Rodgers is the most talented quarterback in NFL history. I love Green Bay bringing in Jimmy Graham to help in the red zone. Stafford has been fantastic the last few seasons, a true maestro in the clutch. And Detroit improved the offensive line and run game this offseason -- that will provide the 30-year-old quarterback with some needed protection and balance. I think Trubisky will be this year's Jared Goff, taking a major leap forward in Year 2 with a new head coach and more talent around him. Lastly, Cousins swings the pendulum in favor of this division. He's the answer to the franchise-quarterback question for the Vikings.
The Bears have so much riding on Trubisky this season and beyond. He has to prove capable of squaring off against guys like Rodgers and Stafford, quarterbacks he'll do battle with for the next several years. If he doesn't develop into the kind of player who can make timely throws on game-winning drives, Chicago will remain a step behind Green Bay, Detroit and Minnesota, all clubs with starting quarterbacks who have more than a few big wins on their resumes.
All signs point toward Trubisky becoming that guy. His rookie season wasn't perfect, but it was promising. And now that Ryan Pace has surrounded him with skill players who can beat NFL coverage, he should see a big bump in his production. That bump in production will go a long way in helping the Bears win a bunch of games, especially with a defense that returns intact after finishing in the NFL's top 10 last season.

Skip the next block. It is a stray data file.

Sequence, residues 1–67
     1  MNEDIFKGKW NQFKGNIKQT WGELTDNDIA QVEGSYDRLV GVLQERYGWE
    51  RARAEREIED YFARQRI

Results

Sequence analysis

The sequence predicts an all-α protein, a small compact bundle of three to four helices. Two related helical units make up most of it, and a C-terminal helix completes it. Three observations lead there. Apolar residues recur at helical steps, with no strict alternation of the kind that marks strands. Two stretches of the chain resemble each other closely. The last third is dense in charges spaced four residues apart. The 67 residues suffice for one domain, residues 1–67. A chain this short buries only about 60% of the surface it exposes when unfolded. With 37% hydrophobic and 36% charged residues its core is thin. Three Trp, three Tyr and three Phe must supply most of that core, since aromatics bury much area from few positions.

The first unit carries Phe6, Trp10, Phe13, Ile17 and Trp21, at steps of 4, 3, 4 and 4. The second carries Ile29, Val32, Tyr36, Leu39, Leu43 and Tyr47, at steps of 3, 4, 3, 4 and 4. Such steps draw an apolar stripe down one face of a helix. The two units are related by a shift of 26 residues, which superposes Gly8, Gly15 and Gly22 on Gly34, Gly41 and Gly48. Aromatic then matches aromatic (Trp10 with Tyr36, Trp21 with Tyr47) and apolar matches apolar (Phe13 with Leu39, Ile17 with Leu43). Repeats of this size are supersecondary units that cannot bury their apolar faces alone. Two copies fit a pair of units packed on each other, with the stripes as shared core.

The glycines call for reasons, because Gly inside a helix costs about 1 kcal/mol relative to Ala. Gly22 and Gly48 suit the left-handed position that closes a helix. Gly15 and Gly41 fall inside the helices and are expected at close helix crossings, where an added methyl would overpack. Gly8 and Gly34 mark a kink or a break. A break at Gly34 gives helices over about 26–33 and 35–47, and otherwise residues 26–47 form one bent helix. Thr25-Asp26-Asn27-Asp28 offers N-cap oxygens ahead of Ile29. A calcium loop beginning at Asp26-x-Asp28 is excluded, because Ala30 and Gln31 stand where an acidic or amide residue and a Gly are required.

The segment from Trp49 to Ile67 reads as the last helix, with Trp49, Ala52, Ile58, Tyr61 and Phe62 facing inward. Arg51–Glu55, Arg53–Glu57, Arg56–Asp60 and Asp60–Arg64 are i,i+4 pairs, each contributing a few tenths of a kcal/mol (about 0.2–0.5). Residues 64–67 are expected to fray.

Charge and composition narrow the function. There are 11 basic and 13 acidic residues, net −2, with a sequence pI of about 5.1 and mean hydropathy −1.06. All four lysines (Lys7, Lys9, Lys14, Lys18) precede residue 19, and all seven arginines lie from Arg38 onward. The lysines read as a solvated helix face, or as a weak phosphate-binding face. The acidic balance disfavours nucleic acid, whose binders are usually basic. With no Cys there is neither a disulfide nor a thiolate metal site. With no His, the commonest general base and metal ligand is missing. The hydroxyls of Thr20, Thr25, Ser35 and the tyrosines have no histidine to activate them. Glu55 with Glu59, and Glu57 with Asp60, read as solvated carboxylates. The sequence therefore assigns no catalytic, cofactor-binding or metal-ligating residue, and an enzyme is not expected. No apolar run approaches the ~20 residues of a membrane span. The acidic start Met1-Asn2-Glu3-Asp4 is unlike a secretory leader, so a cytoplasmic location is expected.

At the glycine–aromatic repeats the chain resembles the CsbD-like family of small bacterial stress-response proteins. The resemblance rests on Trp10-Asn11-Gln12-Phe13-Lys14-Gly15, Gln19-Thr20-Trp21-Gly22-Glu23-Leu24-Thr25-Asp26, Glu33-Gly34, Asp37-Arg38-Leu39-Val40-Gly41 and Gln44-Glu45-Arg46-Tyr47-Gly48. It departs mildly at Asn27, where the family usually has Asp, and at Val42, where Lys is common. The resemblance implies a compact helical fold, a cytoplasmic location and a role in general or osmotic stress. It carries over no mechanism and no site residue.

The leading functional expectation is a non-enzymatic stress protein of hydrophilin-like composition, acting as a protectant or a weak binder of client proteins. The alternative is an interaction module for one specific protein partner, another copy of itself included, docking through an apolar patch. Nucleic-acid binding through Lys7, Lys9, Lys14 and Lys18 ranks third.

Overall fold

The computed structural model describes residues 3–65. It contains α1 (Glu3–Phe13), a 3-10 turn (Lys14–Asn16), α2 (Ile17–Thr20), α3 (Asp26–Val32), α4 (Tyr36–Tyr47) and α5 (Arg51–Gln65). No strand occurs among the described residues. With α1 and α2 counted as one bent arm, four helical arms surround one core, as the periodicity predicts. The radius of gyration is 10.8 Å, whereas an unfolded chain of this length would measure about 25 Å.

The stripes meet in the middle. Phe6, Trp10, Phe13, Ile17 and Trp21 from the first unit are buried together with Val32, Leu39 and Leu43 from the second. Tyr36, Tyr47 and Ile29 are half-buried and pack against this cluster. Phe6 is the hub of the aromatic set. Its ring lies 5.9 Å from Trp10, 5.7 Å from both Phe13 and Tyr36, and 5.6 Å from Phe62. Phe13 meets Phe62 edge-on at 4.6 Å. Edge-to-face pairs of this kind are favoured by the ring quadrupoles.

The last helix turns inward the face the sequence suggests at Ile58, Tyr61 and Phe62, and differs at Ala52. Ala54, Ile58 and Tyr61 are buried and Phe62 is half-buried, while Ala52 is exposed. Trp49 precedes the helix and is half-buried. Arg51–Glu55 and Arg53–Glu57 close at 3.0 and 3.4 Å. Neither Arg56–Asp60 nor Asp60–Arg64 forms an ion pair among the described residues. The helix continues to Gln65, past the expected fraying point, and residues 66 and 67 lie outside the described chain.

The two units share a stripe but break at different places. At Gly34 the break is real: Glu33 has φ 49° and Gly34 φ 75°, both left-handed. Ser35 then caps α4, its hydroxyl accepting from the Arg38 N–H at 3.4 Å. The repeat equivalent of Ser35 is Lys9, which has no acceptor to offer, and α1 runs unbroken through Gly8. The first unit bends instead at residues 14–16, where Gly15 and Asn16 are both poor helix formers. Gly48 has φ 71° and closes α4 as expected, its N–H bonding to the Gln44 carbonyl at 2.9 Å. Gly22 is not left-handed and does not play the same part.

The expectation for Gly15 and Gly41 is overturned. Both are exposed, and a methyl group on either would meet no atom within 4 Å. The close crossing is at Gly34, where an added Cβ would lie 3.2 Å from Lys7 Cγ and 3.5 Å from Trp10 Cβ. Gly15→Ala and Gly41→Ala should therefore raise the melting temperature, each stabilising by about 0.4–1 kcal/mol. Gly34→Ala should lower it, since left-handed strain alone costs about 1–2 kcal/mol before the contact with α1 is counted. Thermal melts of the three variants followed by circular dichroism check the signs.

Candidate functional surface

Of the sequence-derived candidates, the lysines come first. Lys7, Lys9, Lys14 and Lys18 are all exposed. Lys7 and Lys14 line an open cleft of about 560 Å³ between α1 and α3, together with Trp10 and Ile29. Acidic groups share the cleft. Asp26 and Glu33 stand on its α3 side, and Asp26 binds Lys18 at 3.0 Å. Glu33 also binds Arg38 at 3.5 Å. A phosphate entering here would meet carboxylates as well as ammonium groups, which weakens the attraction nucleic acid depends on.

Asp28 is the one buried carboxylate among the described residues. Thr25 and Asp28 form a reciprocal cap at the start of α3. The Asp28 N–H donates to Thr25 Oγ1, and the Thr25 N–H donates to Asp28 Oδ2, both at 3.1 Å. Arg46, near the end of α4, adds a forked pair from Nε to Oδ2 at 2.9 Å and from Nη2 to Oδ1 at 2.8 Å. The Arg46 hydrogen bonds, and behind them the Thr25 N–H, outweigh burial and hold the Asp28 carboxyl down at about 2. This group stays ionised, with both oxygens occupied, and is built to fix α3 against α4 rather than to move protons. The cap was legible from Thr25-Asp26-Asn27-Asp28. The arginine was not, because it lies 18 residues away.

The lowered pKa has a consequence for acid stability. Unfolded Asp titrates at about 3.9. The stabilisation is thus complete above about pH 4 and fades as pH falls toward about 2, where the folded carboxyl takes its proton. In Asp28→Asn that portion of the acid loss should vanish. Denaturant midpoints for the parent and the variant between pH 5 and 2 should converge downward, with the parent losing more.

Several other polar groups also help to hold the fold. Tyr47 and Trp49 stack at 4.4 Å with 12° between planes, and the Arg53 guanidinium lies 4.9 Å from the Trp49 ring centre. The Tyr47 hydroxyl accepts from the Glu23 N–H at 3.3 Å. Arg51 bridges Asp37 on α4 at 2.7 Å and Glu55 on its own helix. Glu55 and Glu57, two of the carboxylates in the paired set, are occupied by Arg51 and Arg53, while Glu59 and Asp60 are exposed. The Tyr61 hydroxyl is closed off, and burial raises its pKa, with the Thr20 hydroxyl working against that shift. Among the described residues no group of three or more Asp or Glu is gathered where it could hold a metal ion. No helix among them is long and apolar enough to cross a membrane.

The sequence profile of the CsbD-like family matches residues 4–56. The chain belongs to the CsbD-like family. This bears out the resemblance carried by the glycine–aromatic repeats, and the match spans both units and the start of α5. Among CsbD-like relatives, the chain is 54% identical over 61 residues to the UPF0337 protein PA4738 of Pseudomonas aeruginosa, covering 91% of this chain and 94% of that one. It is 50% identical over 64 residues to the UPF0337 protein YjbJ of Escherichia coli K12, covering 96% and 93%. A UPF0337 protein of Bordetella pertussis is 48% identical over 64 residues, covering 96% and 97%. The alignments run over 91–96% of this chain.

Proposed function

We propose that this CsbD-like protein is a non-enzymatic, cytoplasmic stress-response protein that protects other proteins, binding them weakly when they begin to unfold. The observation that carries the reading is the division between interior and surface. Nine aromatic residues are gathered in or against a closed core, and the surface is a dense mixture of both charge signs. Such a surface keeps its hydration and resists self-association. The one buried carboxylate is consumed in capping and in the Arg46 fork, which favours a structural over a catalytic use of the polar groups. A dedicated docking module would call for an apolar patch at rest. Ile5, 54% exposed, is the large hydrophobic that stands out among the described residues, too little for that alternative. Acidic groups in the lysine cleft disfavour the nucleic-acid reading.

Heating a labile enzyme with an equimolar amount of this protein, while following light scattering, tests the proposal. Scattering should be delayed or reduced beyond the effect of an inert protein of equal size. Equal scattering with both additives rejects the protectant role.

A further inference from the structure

The Chicago Bears won the 2018 offseason. General manager Ryan Pace made several headline-grabbing moves that focused on rebuilding an offense that finished as one of the NFL's worst in 2017.
The biggest changes come at wide receiver where Allen Robinson, Taylor Gabriel and Anthony Miller were added in free agency and the NFL draft. All three will be big-time contributors in coach Matt Nagy's offense. And don't forget about former first-round pick Kevin White. He's had a great offseason and may finally be ready to become the player Pace envisioned when he selected him seventh overall in 2015.
Pace and the Bears have been praised for their efforts since free agency and now, on the eve of training camp, the new-look offense is regarded as one of the top-10 offensive arsenals in the NFL. But it's not necessarily the new names that have outlets like ESPN so excited. Instead, it's the return of one of the league's top young backfields that gives Chicago a leg up on the competition.
What pushes the Bears up these rankings is their one-two punch at halfback. Jordan Howard and Tarik Cohen will combine to post a cap hit of about $1.4 million in 2018 and might very well project to be the best pair of running backs in football, if Ingram and Kamara slip. Cohen's versatility seems far more likely to be rewarded by Nagy than it was by departed offensive coordinator Dowell Loggains.
The Bears' running game was effective in 2017 even without a downfield passing threat. Howard finished the year sixth in rushing and was facing stacked boxes week in and week out. When factoring talents like Robinson, Gabriel and Burton into a more creative passing attack this season, the upside -- all around -- for Chicago's offense is higher than it's been in many, many years.